U.S. Secretary of State Colin Powell should be credited with Security Council Resolution 1441. He and UK Prime Minister Tony Blair made the difference in getting U.S. President George Bush to agree to work through the Security Council. This approach was anathema to hawks in the Bush administration. There is a deep divide within the US government, the deepest since 1945, between the “de facto” Democrats, (standing in for an effective Democratic Party opposition), and the “war party”. De facto Democrats consist of Powell, senior military in the Pentagon and Senators Richard Lugar and the Chair of the Senate Foreign Relations Committee, Joseph Biden. Hard-liners include Vice-President Dick Cheney, National Security Advisor, Condaleeza Rice, U.S. Ambassador to the UN John Negroponte, Deputy Secretary of Defence Paul Wolfowitz and Senior Advisor Richard Perle.
Secretary of State Powell is committed to reviving the UN Security Council and other American multilateral commitments. He understands that Iraq cannot be addressed without settling the Israeli- Palestinian conflict and, to this end, has worked with UN Secretary-General Kofi Annan to develop a roadmap for Middle East peace. This stands in sharp contrast to American heavy-handedness in its multiple uses of the veto in the Security Council on resolutions relating to the Israeli-Palestinian conflict.

There will be huge costs to a war in Iraq. U.S. administration proponents of the pre-emptive strike doctrine are not the uniformed military, but those without any military experience. The greatest threat to peace in general – and to the proper conduct of the “war” on terrorism in particular – are political scientists who think the only way to solve the world’s problems is through force. The capabilities of the much-vaunted new weapons technologies are a myth. In the end, it is still a question of effectively dealing with cultures and peoples.

The War Against Iraq: Twelve Years and Counting

By Richard McCutcheon

As Non-Governmental Organization representatives to Iraq in

2000-2001, my wife Tamara and I were able to see the devastating impact that the Iraq War, now in its 12th year, has had on ordinary people in Iraq. Snapshots from Iraq -- a group of young Iraqi soldiers laughing with an unsuspecting foreigner in Nasiriyah; a woman purchasing a few expensive canned goods at a local shop on the corner in Baghdad; an eager university student sharing a few moments of intellectual dialogue with a professor in Mosul – remind us that our political conversations need to be rooted in the lived experiences of men, women and children in Iraq. Not in vague abstractions easily manipulated for political ends that may or may not be just.
A cross-disciplinary survey of definitions and criteria for war indicates three main components to war. There is always a political/military component. Political scientists and anthropologists alike refer to legitimate governments and organized armies as required elements of war. Second, there is always an economic/bureaucratic dimension to war. A survey of past wars shows that economic levers, applied through increasingly sophisticated bureaucratic institutions, have always accompanied military violence. And at the social/cultural level, war requires the creation of an enemy through the negative construction of the Other. This is commonly, perhaps too simplistically, thought of as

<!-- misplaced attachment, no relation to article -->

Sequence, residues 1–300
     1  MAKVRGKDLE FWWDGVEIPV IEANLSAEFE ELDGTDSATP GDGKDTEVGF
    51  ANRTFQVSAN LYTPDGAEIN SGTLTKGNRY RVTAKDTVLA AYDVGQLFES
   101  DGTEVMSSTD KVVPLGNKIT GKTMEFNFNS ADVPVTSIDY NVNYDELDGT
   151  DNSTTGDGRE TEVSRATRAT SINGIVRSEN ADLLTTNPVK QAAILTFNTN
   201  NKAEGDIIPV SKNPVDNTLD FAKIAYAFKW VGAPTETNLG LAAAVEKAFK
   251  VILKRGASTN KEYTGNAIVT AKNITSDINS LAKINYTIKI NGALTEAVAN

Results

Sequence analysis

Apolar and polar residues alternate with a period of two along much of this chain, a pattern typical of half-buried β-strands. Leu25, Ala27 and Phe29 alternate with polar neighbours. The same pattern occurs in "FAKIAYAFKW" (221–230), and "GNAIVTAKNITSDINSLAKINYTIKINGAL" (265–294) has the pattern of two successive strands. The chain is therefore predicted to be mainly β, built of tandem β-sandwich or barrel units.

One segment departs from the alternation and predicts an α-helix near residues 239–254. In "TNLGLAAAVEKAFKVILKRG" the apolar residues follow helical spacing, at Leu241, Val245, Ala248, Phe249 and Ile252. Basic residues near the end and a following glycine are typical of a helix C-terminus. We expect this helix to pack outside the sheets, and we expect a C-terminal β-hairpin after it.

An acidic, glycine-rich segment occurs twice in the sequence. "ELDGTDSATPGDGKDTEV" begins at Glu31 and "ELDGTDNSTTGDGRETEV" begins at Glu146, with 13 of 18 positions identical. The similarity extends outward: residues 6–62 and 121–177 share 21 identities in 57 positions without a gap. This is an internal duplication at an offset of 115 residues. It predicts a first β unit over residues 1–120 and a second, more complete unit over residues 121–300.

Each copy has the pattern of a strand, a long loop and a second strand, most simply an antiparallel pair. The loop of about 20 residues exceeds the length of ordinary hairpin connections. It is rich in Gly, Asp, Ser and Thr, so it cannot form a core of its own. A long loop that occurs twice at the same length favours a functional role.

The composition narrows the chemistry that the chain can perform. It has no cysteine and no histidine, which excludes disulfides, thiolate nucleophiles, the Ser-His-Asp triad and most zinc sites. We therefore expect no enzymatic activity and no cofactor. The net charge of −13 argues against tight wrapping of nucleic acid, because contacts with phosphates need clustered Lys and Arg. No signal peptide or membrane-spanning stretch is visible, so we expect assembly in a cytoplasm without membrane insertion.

propaganda, but better understood in terms of symbols and rituals. Wars go through cycles, the various elements ebbing and flowing to create a violent process that we call war.

When applied to the case of Iraq, there is no doubt that for the past 12 years there has been a significant historical event happening right under our noses, so to speak, an event that I call the Iraq War. Over the past twelve years there has been an ongoing military engagement, directed by governments on at least two sides. While we lived in Iraq, we experienced directly bombs falling and missiles being fired at over-flying aircraft. These exchanges have been well documented, and the resulting deaths and material destruction are significant. It is well known that the economic leverage being applied to Iraq in the form of comprehensive

economic sanctions has had devastating consequences for men, women and children in Iraq. The deaths accrued from this bureaucratically administered economic violence are very high, minimally several hundred thousand at this point. Finally, the construction of Saddam Hussein as arch enemy follows a common pattern in war, and should not be a surprise to academic researchers. The mutual construction of the enemy, here and

there, is part and parcel of the Iraq War.
The current escalation of rhetoric and violence may mark the beginning phase of the end of the Iraq War. An invasion of Iraq, or even a severe escalation of the conflict, is not inevitable, although the U.S. administration seems bent on that direction.
I conclude with three concerns that are not limited to the current escalation.

  1. The bombing campaign must end immediately. The damage it is doing to Iraq is immense. The men, women and children of Iraq suffer great emotional trauma as a result of it.

  1. When all is said and done, there must be a comprehensive peace treaty formulated which once and for all ends all economic sanctions, dismantles the UN escrow account, and creates a mechanism for final arbitration of any compensation claims -- to enslave a future generation through a burden of debt is cruel.

  1. The idea of weapons inspections is, at best, a stop-gap measure that needs to be transformed into a truly equitable mechanism, applicable universally. In the case of Iraq, to focus on the question of human rights might open doors to a peaceful conclusion of the Iraq War, without invasion.